FCA measures include banning the sale, marketing and distribution of any derivatives and exchange traded notes with linkage to unregulated cryptoassets, citing “inherent nature of the underlying assets, which means they have no reliable basis for valuation” to justify them.
According to Sheldon Mills, interim Executive Director of Strategy and Competition at the FCA, this ban “reflects how seriously we view the potential harm to retail consumers in these products. Consumer protection is paramount here.”
This “blow to the crypto world”, as Laith Khalaf of AJ Bell had it when inquired by the CITY A.M., was further explained by the FCA by extreme volatility in the cryptoassets market, the widespread financial crime in the secondary market and “inadequate understanding of cryptoassets by retail consumers”, so the regulator’s intention is to prevent retail customers’ sudden and unexpected losses.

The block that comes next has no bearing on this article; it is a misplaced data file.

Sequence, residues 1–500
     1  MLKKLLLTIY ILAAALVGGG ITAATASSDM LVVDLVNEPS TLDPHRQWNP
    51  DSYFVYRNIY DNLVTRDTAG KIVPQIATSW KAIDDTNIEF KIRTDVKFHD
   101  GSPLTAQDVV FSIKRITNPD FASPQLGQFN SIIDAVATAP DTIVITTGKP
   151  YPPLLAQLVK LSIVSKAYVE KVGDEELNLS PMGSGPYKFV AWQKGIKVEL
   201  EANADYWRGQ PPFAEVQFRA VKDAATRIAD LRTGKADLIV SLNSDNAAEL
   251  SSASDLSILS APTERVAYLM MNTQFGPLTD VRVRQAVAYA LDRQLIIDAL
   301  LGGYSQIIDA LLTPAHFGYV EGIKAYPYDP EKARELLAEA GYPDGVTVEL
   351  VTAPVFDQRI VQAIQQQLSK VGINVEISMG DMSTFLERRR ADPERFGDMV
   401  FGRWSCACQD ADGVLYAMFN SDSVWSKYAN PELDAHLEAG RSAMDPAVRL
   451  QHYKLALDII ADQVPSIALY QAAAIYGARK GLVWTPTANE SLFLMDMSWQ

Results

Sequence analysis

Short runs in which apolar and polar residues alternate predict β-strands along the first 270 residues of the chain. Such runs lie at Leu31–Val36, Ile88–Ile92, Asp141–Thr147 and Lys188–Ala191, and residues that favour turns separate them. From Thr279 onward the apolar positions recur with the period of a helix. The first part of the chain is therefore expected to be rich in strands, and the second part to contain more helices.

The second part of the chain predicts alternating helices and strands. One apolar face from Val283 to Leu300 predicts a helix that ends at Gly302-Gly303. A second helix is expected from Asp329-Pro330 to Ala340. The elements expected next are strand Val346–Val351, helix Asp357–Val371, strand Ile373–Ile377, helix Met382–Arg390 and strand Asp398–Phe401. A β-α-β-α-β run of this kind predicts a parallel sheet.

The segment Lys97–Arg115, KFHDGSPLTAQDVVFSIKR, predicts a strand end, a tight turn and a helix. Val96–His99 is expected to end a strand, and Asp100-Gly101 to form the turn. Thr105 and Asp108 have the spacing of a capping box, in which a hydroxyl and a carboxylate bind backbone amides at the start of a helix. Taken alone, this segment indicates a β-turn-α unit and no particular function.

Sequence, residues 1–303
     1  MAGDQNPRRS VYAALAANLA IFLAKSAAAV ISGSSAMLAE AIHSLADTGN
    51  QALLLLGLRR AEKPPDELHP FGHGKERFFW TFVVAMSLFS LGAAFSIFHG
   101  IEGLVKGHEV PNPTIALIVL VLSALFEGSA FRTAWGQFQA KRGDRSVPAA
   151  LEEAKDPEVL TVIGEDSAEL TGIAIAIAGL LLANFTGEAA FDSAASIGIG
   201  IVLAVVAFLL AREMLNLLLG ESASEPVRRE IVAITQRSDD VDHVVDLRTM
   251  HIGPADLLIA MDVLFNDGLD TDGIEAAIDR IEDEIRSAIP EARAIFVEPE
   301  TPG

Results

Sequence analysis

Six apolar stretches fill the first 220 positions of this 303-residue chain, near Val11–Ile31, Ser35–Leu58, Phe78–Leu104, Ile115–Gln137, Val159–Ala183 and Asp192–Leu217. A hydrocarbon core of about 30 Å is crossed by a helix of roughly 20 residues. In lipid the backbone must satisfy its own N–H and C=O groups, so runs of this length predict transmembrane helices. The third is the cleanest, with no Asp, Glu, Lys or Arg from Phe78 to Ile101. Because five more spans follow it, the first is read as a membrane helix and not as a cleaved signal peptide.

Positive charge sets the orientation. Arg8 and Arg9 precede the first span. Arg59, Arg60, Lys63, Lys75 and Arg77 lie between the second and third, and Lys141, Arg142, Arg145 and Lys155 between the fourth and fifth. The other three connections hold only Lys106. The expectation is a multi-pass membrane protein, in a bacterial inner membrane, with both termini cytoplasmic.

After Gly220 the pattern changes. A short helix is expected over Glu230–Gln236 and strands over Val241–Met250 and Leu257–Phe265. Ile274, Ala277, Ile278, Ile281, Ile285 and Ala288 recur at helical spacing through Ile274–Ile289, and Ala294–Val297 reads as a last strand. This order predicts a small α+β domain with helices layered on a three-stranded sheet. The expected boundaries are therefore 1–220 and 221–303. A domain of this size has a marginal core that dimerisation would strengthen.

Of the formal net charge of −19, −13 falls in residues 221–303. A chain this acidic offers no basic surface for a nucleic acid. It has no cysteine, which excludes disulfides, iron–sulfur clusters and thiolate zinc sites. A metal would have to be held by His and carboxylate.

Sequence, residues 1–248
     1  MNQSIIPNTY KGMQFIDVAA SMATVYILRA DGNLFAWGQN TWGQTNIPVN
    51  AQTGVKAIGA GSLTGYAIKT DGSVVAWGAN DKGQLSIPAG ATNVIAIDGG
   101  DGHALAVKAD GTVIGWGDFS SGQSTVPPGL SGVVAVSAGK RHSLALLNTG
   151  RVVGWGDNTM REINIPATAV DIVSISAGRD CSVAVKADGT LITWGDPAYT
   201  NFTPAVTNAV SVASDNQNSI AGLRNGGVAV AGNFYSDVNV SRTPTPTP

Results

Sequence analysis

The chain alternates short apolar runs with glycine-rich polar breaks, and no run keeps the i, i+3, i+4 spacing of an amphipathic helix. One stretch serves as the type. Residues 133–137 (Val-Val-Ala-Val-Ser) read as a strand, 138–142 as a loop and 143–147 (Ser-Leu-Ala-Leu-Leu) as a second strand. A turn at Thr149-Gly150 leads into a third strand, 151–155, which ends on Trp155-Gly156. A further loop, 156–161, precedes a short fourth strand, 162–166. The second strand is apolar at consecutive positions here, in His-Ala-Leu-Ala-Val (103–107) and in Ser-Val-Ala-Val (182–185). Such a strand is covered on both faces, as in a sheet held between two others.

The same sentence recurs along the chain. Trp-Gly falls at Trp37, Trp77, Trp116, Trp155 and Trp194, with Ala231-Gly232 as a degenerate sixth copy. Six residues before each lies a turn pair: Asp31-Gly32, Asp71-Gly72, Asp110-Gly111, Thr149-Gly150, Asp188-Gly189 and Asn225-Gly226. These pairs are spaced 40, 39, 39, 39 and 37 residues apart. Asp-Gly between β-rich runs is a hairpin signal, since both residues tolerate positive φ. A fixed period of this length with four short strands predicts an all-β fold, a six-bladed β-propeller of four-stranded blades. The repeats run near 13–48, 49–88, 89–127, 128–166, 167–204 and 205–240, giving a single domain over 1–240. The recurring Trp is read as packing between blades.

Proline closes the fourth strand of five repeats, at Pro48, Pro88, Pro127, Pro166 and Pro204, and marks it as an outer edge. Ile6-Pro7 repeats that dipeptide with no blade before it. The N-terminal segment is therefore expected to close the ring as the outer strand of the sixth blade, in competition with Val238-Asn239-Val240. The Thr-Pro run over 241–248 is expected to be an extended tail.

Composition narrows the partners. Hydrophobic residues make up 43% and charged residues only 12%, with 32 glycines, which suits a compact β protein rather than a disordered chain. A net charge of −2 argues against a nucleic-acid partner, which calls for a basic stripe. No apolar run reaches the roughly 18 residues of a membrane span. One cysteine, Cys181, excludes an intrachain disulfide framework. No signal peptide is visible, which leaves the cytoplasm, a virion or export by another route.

Laith Khalaf elaborated further: “That’s perhaps to be expected, given those most likely to share their views were providers of crypto products with more than a little skin in the game.
“On balance, given how new these markets are, how instinctively appealing they can be to the younger generation and the potential for fraudsters and cowboys to muscle in on the act, it’s understandable the FCA wants to play it cautiously.
“Crypto fans will no doubt point to the huge financial distortions that have occurred in bond and currency markets as a result of quantitative easing, and question why cryptocurrency is being carved out for specialist treatment.
The measures will come into effect starting 6 January, 2021 and are estimated to save retail consumers circa £53 million.